In the rush to make gains on the Maryland School Performance Assessment Program tests, many of the state's elementary schools have fallen prey to a bedeviling paradox in the 8-year-old program: If schools teach too much to the high-level test, they often neglect to ground students in the basic skills -- particularly reading.
At Timonium Elementary School, improved performance on the annual tests has come from changing instruction to meet the exams' demands -- while sticking with the basics.
"You can't change everything and forget about giving children a strong background in the basics," Timonium Principal Kathy Volk says of the exams, which begin tomorrow in all state elementaries. "The mistake you have to avoid is teaching children only the thinking skills without giving them basic skills."
The MSPAP tests go far beyond the basics in an effort to measure how well children apply these skills in problem-solving. The tests were meant to drive classroom instruction to a higher level. But many schools are finding that, if they make these changes, too many students fail to learn sufficient basic skills -- such as the phonics skills to decode unfamiliar words.
For some, the problem is analogous to pushing students to run before they've mastered walking. "At too many schools, you're asking the children to do the complex thinking before they've had a chance to master the basics," complains Liz Crosby, a state PTA vice president and fourth-grade teacher on leave from Harford County schools.
As Maryland's fifth-graders begin a week of MSPAP exams tomorrow -- with third- and eighth-graders to follow next week -- many teachers and principals hope they have struck a balance between teaching children basic skills and pushing them to the higher-level applications of those skills as required by MSPAP.
It's a balance that few schools have found. Fewer than 10 percent of all Maryland elementary schools have shown statistically significant improvements in both of the past two years, according to the Maryland State Department of Education.
Reading scores tell story
Nowhere is this MSPAP paradox more evident than in children's performance on the reading portion of the state exams.
On the third-grade reading tests, one in five of the state's 786 elementary schools improved their scores two years in a row from 1995 to 1997, according to an analysis by The Sun. Fewer than one in 10 posted higher scores three years in a row during the same period.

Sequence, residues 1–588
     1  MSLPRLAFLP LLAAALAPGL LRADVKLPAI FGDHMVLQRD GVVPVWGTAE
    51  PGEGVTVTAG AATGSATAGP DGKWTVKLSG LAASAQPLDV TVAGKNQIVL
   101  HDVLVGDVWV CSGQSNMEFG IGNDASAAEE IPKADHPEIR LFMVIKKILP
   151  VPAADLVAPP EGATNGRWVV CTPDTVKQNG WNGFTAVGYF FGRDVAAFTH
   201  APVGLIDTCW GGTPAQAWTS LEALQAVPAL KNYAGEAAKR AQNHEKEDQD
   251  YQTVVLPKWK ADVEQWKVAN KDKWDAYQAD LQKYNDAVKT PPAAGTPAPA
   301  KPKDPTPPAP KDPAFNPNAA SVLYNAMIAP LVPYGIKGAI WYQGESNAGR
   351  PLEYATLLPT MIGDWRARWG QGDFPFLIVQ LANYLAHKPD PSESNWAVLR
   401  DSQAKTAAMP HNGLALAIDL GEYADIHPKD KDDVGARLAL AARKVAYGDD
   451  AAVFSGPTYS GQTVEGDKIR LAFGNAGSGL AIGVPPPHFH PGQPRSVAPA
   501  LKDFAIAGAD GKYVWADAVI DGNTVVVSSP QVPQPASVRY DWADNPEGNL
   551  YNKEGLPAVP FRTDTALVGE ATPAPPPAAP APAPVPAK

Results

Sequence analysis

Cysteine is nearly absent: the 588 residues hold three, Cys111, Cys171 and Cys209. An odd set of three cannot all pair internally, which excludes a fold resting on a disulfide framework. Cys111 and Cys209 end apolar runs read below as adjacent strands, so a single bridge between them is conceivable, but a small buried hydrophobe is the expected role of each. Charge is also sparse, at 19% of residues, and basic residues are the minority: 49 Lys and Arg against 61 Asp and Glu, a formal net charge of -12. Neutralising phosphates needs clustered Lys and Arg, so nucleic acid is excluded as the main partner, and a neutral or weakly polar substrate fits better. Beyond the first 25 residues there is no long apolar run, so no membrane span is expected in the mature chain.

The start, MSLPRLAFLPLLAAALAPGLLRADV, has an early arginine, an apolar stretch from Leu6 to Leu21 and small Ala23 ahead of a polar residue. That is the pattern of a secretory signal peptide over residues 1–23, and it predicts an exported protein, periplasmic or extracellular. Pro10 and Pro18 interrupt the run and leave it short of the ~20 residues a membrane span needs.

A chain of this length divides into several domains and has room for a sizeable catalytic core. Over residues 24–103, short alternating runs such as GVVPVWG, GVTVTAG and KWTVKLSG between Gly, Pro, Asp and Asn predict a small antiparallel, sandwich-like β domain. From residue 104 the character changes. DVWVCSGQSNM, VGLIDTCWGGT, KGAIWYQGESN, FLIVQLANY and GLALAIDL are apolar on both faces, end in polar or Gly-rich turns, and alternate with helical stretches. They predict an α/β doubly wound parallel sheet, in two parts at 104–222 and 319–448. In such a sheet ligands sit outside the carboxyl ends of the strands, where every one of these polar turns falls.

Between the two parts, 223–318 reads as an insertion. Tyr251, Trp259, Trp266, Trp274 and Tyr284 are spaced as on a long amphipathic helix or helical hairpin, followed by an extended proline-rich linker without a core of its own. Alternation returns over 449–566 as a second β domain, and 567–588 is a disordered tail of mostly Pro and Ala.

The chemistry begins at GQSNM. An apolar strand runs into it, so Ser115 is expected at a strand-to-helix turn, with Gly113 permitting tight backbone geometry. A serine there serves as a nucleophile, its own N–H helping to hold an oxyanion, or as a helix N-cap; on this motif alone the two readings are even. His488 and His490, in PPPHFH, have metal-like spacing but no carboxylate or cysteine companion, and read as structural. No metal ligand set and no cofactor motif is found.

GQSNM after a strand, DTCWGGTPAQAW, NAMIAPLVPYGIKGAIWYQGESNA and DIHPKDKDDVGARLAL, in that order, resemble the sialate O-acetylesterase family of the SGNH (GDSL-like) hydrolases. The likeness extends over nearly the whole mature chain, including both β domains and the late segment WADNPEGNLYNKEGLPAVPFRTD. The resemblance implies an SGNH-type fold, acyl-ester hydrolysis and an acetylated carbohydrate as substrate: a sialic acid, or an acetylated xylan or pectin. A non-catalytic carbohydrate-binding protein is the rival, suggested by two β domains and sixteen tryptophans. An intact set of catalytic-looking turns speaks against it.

State education officials see hope in this. "I think schools are learning what works and what doesn't," says Gertrude Collier, branch chief of language development and early learning at the State Department of Education. "It's taking time, but I think that if we didn't have the MSPAP, it would be taking even more time."
Third grade too soon?
But teachers and parents continue to raise serious questions about the effect the exams have on instruction, particularly in primary grades.
In the fall, the Maryland State Teachers Association put together a task force to look at the tests, focusing on issues such as whether they are appropriate for third-graders and the amount of instructional time they require.
"There are questions about whether third-graders can do this," says MSTA President Karl K. Pence. "Teachers agree that we need to have higher expectations for our children, but there's a concern that this may be too much. There's a feeling among some teachers that they're being pushed to get to the higher-level skills too quickly, before all of the kids have mastered the basics."
The MSPAP exams are known as performance-assessment tests. They ask children to work individually and in groups to apply basic skills in new ways. Instead of fill-in-the-bubble, multiple-choice questions, students must write their answers in sentences and paragraphs.
A lesson for teachers
State school Superintendent Nancy S. Grasmick does little to sugarcoat the main purpose of the MSPAP -- to force teachers to change their instruction and focus more on higher-level thinking, writing and group work. Students must be able not just to read, write and compute, but also to apply those skills in a variety of ways.
The results are used to judge schools rather than individual students -- and how schools perform can make or break educators' careers. Schools that show consistent improvement are given enough money by the state to buy state-of-the-art computer labs. Schools that decline are publicly labeled failures, and some -- including 79 in Baltimore and one in Anne Arundel County -- have been threatened with state takeover.
These high stakes have prompted schools to try everything from strongly encouraging sick children to attend classes for the exams -- absent students receive a score of zero -- to landing a helicopter on a ball field as part of a rally to motivate children to do well.
State educators strongly discourage such actions, saying that the MSPAP should be treated as a normal part of school. While the hoopla surrounding the exams has diminished in the past few years, some of it began last week and is sure to be repeated again in the next two weeks.